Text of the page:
“Mama, I’m Gay” Fuels A Second Act


Eva Levias Andino is a big personality with a compelling back story. She grew up in Cuba and proudly counts herself as a 9th generation Cuban. But at the age of 17 years old she left Cuba with her mother. She married and raised four children living in Puerto Rico and California before settling in Miami, Florida.

Her life changed dramatically when her 20-year-old son Paolo invited her to lunch and told her “Mama, I’m gay.” Over the next eight years she struggled with this news. But it eventually led her to work with the Yes Institute, an organization focused on suicide prevention and ensuring the healthy development of all youth through communication and education on gender and orientation. What started as a volunteer role turned into a full time position as Director of Development and eventually Chief Financial Officer. At the age of 75, she is now retired but still actively involved with the organization.

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Click here to learn more about the work of the Yes Institute.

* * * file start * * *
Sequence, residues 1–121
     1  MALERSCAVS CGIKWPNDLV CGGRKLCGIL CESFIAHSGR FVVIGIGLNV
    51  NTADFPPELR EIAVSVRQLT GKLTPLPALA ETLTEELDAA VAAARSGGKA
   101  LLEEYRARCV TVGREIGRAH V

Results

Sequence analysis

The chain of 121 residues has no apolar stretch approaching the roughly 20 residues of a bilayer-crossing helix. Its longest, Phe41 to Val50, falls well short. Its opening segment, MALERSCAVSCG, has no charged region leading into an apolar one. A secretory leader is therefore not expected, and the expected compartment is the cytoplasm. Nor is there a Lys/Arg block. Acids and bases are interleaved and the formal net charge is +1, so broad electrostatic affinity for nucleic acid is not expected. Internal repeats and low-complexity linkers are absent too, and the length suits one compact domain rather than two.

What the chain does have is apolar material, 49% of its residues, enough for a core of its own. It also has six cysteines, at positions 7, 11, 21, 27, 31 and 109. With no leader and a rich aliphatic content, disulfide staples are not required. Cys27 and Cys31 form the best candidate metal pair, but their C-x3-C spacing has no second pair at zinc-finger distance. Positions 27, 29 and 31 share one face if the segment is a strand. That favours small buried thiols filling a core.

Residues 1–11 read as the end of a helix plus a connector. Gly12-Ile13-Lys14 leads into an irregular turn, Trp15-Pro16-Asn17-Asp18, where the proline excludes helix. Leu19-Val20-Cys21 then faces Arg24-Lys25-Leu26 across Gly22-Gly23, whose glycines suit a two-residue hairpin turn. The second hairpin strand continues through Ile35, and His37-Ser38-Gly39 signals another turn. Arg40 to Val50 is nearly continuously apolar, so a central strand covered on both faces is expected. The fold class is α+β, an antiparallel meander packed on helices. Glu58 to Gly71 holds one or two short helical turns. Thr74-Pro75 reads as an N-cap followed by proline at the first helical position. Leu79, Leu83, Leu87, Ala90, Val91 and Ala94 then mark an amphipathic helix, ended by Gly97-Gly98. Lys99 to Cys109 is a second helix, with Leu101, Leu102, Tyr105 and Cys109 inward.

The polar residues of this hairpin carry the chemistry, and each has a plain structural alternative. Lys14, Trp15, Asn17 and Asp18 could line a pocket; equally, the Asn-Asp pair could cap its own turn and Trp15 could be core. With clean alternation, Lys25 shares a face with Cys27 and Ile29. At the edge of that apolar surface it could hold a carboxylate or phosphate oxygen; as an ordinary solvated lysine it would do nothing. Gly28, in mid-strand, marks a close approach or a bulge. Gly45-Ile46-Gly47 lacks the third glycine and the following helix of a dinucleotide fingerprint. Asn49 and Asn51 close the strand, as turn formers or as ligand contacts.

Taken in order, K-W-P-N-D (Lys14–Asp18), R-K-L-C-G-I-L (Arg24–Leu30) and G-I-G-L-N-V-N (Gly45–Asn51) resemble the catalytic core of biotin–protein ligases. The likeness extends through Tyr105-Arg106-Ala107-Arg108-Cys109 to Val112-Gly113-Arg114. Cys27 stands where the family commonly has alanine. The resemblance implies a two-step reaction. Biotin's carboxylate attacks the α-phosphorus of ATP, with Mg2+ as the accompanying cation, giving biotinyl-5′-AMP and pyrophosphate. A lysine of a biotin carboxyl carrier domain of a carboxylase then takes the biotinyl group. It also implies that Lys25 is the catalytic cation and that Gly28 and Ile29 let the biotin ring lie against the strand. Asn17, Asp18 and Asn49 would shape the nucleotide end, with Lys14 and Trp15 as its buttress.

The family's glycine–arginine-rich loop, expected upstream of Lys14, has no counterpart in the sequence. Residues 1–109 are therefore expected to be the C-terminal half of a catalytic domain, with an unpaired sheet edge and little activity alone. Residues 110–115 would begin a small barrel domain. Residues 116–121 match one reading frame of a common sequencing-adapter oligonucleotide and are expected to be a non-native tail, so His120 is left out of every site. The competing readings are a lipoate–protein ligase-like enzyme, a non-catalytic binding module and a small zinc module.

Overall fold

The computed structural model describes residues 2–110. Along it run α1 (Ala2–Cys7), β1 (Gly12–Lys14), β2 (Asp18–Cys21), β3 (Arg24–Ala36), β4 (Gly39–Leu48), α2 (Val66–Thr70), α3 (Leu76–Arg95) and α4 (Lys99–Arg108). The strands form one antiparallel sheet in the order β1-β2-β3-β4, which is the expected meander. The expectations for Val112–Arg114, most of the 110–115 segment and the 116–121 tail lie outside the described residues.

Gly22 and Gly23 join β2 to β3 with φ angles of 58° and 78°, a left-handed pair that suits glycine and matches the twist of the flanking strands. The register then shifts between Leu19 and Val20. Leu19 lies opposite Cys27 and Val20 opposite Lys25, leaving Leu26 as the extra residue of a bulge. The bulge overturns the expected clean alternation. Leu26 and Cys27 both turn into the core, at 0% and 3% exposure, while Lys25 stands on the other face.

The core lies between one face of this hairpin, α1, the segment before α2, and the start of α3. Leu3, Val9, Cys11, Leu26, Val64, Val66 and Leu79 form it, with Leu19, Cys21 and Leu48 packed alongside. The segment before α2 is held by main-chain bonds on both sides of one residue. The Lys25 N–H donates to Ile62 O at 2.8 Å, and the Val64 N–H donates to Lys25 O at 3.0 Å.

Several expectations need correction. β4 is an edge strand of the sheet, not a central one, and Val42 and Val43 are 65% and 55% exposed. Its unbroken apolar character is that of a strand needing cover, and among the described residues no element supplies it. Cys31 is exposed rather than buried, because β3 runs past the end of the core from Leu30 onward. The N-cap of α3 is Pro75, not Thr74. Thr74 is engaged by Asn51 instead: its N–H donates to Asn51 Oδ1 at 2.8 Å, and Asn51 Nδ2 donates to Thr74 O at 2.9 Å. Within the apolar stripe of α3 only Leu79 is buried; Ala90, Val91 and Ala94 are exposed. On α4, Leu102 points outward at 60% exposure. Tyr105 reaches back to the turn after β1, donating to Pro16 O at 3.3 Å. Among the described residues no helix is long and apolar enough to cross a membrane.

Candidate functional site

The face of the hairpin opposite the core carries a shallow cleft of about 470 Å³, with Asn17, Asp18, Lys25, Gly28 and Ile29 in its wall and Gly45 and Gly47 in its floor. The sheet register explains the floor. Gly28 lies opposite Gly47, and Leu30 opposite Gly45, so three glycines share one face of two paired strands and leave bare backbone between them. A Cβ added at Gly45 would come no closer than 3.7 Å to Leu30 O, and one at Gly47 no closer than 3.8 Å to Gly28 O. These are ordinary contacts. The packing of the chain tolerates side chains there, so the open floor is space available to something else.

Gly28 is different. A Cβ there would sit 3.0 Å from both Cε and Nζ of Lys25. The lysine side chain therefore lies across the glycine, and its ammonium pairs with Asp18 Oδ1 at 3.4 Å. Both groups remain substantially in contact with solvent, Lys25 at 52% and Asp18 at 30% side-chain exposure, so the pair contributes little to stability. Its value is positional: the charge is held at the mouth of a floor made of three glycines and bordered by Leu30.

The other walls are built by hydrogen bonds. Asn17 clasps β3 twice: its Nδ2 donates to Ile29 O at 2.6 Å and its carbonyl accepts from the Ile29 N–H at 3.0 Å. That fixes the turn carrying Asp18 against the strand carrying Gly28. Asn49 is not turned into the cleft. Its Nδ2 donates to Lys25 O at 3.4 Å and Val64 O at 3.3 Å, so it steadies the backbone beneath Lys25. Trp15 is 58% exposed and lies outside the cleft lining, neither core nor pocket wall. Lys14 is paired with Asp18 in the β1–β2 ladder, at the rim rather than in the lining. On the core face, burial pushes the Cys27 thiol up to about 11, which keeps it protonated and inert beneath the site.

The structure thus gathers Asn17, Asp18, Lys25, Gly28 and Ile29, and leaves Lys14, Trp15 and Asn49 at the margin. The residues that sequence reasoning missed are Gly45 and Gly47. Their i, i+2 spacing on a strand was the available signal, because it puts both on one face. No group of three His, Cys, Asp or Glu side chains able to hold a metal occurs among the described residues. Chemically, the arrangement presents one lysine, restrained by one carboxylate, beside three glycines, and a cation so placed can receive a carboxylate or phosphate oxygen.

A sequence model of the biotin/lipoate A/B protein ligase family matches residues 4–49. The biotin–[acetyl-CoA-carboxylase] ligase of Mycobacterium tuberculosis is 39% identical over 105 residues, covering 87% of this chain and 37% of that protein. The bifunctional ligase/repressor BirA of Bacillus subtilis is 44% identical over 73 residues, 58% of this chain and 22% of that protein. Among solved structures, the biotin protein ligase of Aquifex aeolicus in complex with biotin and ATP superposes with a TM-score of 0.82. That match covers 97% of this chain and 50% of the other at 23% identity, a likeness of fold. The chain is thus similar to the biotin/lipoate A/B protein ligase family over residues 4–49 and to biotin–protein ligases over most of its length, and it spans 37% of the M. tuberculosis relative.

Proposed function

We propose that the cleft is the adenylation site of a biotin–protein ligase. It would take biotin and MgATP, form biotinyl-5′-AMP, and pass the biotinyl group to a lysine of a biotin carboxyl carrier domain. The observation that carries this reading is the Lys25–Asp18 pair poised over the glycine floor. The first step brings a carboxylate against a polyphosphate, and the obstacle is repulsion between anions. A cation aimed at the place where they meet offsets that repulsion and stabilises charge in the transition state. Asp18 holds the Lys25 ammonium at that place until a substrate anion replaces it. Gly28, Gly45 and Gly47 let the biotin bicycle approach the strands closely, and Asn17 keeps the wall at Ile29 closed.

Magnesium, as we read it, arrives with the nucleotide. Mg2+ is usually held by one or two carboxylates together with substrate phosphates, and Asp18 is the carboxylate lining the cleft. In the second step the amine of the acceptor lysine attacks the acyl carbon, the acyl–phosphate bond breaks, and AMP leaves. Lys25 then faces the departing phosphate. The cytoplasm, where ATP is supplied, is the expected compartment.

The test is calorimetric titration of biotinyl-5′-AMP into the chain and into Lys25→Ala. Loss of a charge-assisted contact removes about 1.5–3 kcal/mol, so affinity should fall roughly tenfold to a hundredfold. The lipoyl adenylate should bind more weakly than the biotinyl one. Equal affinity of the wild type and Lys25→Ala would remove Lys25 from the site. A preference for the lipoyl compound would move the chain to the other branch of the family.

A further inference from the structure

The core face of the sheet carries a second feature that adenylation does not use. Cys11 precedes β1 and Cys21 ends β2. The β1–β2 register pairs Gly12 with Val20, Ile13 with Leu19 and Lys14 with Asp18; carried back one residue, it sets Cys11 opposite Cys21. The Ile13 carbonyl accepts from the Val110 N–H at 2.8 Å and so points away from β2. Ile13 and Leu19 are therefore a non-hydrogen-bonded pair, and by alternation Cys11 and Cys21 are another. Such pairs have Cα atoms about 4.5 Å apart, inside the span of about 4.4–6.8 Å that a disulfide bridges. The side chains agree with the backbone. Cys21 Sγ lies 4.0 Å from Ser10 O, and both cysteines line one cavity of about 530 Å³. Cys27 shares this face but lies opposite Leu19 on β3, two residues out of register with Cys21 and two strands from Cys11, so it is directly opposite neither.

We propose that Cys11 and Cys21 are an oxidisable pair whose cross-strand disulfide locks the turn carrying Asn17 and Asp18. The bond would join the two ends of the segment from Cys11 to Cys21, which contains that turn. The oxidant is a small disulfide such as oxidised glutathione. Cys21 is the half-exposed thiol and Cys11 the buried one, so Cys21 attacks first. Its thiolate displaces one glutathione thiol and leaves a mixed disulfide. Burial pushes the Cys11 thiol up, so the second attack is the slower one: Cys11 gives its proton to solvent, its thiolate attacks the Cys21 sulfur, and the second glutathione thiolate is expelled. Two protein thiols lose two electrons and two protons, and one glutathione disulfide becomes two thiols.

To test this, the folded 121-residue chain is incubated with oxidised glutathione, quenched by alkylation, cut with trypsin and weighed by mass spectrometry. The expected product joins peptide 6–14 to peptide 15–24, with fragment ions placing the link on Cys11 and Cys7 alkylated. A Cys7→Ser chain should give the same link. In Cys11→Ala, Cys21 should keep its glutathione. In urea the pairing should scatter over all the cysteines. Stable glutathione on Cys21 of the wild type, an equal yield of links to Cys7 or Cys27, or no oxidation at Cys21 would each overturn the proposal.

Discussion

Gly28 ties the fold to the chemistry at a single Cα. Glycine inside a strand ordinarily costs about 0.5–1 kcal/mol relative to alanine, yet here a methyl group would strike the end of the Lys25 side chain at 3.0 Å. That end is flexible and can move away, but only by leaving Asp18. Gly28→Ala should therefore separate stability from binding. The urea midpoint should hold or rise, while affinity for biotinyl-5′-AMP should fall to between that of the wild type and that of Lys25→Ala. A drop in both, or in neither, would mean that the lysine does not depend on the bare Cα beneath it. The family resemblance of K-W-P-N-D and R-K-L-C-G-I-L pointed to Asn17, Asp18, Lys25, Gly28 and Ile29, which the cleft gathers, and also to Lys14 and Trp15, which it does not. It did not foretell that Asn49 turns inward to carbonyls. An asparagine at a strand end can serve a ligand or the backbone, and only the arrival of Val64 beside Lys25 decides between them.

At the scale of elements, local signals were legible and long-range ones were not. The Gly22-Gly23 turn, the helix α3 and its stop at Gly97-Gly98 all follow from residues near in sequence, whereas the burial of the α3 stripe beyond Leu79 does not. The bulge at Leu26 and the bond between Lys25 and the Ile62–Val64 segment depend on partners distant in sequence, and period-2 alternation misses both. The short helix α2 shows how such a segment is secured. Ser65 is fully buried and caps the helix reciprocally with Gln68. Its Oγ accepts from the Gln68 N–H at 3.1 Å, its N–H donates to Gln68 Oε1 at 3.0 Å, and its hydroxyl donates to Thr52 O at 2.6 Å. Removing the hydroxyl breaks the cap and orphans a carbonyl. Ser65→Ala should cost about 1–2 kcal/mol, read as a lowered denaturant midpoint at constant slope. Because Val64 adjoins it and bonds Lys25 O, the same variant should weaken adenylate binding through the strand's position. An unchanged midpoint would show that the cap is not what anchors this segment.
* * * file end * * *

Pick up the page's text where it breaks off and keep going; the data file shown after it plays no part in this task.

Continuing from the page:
What Is “Post Traumatic Growth?” Interview with “Jolt” Author Mark Miller


In this episode, we spend time with Mark Miller, a veteran journalist who has covered the retirement beat for a dozen years.  Today, we’re talking with him about his new book “Jolt: Stories of Trauma and Transformation.” The book tells the stories of people have experienced traumatic events — the loss of a child, a natural disaster, a life-threatening accident or illness, financial ruin or a terrorist attack — and bounced back to thrive and grow.

I sat down with Mark at his home in Evanston, IL and had a conversation about “Jolt” and what it can tell us about Second Acts.

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“Jolt: Stories of Trauma and Transformation” is available on Amazon.com.

Fired at 64…An Entrepreneur at 66


In December 2009, Paul Tasner walked into a conference room and was let go from his position as the Senior Director of Operations of a San Francisco-based manufacturing firm. He was 64 years old. He met his wife Barbara and another couple for  dinner that evening and proceeded to get “silly drunk.”

He wasn’t ready for retirement. So two years later, he started Pulpworks, a company that designs and manufactures biodegradable packaging replacing the toxic, disposable plastic packaging to which we’ve all become accustomed to. With his 2017 TED Talk, “How I Became an Entrepreneur at the Age of 66,” he’s became a poster child (or perhaps “poster senior”) of older entrepreneurs.

The episode also includes interviews with Dr. Benjamin Jones, Professor of Strategy at Northwestern University who directs the Kellogg School’s Innovation and Entrepreneurship Initiative and Barbara Walter, Paul’s wife.

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